Marinate the Chicken

Place the chicken in a big container. Cut long slices into the chicken legs to help the marinade seep in. Massage the marinade into the chicken.

Another option is to place the chicken legs in a Ziploc bag along with the marinade and massage the bag so the marinade rubs all over the chicken.

How long to marinate? The golden marinade period is between 6 hours to 24 hours. If you can, toss in the chicken with the marinade and let it sit overnight. Or do it in the morning to have it for dinner. If you’re in a rush, you can get away with 3 hours but in my experience – the longer, the better.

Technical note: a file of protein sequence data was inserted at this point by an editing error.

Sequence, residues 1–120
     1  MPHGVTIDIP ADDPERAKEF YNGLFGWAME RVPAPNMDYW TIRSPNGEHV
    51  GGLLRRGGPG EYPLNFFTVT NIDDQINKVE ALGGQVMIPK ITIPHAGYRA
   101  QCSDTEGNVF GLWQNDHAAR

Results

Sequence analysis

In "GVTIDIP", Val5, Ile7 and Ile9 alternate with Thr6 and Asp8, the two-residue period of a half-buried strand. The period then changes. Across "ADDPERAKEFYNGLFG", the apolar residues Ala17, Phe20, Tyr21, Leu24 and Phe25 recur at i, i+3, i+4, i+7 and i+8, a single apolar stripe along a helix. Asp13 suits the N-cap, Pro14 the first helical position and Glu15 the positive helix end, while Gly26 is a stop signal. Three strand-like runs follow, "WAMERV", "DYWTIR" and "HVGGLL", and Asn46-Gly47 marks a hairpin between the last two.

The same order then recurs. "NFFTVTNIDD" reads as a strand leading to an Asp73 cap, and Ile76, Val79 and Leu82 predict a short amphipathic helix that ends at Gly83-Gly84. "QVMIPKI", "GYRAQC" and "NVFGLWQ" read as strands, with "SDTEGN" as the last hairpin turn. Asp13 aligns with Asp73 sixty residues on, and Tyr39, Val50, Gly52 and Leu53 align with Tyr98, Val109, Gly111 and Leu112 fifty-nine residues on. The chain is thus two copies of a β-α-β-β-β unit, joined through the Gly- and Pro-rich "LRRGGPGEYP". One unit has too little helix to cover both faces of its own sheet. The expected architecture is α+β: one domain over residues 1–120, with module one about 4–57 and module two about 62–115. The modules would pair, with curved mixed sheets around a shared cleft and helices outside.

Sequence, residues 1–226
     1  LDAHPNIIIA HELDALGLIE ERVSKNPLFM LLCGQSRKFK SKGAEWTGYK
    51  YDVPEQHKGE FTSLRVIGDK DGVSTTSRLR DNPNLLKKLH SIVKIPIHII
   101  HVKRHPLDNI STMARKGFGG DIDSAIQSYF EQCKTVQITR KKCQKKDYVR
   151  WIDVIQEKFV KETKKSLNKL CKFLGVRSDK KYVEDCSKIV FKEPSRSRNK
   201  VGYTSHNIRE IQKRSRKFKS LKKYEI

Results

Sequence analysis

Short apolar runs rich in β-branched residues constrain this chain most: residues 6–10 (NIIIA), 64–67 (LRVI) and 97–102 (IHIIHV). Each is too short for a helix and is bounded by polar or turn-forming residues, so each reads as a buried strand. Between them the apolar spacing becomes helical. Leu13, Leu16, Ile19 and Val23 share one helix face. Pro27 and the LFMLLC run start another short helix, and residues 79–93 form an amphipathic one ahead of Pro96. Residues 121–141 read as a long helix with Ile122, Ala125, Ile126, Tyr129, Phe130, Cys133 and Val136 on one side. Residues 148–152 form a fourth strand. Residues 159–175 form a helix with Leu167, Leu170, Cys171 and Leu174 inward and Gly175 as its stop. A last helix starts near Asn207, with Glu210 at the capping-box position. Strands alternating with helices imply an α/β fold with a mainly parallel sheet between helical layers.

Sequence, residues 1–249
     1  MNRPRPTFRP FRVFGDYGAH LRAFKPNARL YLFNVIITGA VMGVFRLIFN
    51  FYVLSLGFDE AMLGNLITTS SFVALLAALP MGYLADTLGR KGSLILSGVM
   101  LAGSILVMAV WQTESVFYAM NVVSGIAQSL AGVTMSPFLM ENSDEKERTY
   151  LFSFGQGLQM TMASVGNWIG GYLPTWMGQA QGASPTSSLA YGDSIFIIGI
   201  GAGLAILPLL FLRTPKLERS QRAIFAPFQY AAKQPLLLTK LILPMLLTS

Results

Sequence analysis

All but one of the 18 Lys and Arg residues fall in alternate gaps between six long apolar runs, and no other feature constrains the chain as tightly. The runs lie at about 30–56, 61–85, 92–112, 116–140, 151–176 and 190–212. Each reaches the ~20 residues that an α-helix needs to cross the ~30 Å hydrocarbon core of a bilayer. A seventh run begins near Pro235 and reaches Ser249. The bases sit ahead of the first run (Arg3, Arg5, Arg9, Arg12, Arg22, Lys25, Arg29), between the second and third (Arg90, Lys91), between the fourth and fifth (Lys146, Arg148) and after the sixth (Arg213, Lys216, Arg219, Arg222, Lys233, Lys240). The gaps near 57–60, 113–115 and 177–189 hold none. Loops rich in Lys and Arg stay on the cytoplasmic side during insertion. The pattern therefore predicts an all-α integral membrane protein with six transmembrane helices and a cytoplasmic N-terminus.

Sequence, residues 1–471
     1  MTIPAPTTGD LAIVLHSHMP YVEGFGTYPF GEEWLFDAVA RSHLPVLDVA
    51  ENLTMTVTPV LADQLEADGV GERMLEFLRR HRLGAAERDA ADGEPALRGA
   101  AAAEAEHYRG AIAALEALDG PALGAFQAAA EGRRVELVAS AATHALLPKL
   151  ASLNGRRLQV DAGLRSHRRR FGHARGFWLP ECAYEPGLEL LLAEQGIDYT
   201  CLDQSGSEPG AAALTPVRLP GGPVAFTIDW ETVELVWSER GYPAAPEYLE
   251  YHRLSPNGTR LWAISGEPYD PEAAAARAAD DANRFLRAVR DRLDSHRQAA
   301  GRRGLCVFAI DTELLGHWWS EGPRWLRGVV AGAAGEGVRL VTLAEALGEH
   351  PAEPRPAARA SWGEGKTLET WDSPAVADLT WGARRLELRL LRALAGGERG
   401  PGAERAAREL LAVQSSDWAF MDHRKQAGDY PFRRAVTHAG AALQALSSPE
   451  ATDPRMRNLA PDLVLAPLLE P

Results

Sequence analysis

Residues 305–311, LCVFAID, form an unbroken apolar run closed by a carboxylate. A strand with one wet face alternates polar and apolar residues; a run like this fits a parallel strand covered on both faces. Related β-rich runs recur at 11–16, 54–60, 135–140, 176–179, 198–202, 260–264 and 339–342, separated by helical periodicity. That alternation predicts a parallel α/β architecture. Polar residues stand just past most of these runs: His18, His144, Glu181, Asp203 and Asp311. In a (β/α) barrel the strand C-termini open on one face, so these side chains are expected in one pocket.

Can you freeze it? Marinated chicken is good in the freezer for up to 3 months so you can absolutely do make-ahead meals with this chicken. I have a couple bags in the freezer right now.

It’s the easiest thing – when you make the marinade, double or triple it. Stick however much you’ll be eating soon in the fridge. Place the rest in the freezer as soon as you’ve combined the chicken and the marinade. Defrost it overnight when you’re ready. The chicken will marinate as it defrosts.

Can I marinate at room temperature? No, it’s not safe. If it’ll be out for over an hour, put it in the fridge.

Bake the Chicken

Once you’re ready to eat, it’s just a matter of preheating the oven and sticking your chicken in.

But how and how long you bake the chicken depends on what chicken you’re using. I’ve made ping gai with skin-on, skin-off, bone-in and bone-off chicken thighs as well as chicken quarters. Here’s what I recommend for each type of chicken to get deliciously crisp skin and a lightly charred marinade of yumminess.